Perrella, ao pedir desculpas a quem lhe falava como chefe, justificava a declaração como resultado da tensão provocada pela “história do helicóptero” (em 2013, a aeronave de uma empresa de seu filho foi apreendida com 445 kg de cocaína). E, num surto de cinismo ou ironia macabra, concluiu: “Não faço nada de errado, só trafico”. A conversa é interrompida por risos nervosos.
Em outro diálogo, desta vez com Joesley Batista, dono da JBS, Aécio defendeu a troca do delegado-geral da PF. Há um ano, o senador mineiro já havia sido citado em um diálogo gravado pelo ex-presidente da Transpetro, Sérgio Machado, com Romero Jucá. “Quem não conhece o esquema do Aécio?”, questionou o delator.
Foi nesta conversa, sem saber da gravação, que o senador de Roraima definiu a estratégia para levar Michel Temer à Presidência: para conter a Lava Jato, era preciso botar o Michel num grande acordo nacional, “com Supremo, com tudo”. Ministro do Planejamento na época da divulgação, Jucá caiu pouco depois.“Ótimo, ótimo”
Antes mesmo da mudança de governo, alguns diálogos interceptados já causavam constrangimento às antigas lideranças políticas. Então prefeito do Rio de Janeiro, Eduardo Paes (PMDB-RJ), apontado como possível presidenciável por aliados, chegou a se queixar, em conversa com o ex-presidente Lula, da “alma de pobre” do petista. “Todo mundo que fala no meio, eu falo o seguinte: imagina se fosse aqui no Rio esse sítio dele (em Atibaia). Não é em Petrópolis, não é em Itaipava. É como se fosse em Maricá. É uma merda de lugar”.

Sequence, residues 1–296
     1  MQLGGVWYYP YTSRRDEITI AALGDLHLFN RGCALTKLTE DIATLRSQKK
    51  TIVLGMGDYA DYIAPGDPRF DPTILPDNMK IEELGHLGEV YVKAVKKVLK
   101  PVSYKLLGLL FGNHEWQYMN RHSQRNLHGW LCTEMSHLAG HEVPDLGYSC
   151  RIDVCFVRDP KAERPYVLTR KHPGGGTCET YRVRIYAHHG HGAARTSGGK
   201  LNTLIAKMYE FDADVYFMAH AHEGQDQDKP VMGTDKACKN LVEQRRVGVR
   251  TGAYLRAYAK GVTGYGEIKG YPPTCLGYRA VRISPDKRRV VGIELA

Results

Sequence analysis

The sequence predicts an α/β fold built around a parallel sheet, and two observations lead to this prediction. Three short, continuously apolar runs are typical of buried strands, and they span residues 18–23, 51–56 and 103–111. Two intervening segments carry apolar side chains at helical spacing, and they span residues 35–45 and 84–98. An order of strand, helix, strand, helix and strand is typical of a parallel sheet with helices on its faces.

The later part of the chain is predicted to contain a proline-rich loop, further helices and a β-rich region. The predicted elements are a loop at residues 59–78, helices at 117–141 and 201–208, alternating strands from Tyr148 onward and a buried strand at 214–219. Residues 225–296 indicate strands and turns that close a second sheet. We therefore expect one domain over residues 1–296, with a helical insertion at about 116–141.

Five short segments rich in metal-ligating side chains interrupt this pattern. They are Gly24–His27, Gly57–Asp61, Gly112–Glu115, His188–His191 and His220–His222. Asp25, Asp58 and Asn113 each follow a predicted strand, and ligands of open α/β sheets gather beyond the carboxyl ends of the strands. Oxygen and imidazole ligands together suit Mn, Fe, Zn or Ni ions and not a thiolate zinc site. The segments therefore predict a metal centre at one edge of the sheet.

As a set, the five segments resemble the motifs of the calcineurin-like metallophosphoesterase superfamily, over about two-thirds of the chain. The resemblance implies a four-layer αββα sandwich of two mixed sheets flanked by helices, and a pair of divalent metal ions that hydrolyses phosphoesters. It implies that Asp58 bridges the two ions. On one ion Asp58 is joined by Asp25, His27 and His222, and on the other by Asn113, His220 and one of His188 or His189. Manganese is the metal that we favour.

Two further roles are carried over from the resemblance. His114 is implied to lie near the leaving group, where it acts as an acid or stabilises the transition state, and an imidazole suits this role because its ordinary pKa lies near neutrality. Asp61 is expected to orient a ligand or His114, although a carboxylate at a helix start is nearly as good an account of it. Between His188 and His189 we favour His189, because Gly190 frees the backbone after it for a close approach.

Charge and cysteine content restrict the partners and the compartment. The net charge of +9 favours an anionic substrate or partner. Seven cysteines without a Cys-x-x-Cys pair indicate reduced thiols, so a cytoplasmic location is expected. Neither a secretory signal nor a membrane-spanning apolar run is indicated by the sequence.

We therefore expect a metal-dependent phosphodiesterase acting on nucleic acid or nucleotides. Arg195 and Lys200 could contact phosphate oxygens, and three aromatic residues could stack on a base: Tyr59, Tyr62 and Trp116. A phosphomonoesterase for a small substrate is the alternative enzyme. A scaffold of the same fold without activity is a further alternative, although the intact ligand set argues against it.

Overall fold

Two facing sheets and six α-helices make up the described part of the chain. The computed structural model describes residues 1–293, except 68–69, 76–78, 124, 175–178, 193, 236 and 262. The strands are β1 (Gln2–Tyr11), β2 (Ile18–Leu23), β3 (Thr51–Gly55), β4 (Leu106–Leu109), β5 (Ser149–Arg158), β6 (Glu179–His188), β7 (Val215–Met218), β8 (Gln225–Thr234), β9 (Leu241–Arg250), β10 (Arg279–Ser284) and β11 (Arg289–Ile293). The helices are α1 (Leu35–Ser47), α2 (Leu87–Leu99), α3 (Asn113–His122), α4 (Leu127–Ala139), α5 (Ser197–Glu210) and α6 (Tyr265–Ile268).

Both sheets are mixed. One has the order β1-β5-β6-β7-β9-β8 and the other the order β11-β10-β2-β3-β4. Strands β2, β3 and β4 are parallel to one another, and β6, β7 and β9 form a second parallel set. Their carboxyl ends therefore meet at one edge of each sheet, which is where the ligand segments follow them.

Ex-governador da Bahia, Jaques Wagner também teve conversa interceptada com Lula na qual comemorava quando o ex-presidente contava que Marta Suplicy havia sido chamada de “puta” por manifestantes na Avenida Paulista. “É bom pra nega aprender”, disse Wagner.
Em outra conversa, Lula se queixava com um advogado da “ingratidão” do procurador-geral da República, Rodrigo Janot, ao decidir investigá-lo.
De todos, porém, o diálogo mais constrangedor foi entre Joesley Batista e Michel Temer, no qual o presidente ouve o dono da JBS narrar como comprou juízes e um procurador e reage de forma, digamos, pouco espantada. “Ótimo, ótimo”, respondeu o peemedebista.
A exposição de lideranças destituídas das máscaras do discurso treinado por marqueteiros, e da própria forma como marqueteiros eram pagos pelos clientes, deixou amedrontados os esperançosos e esperançosos os amedrontados.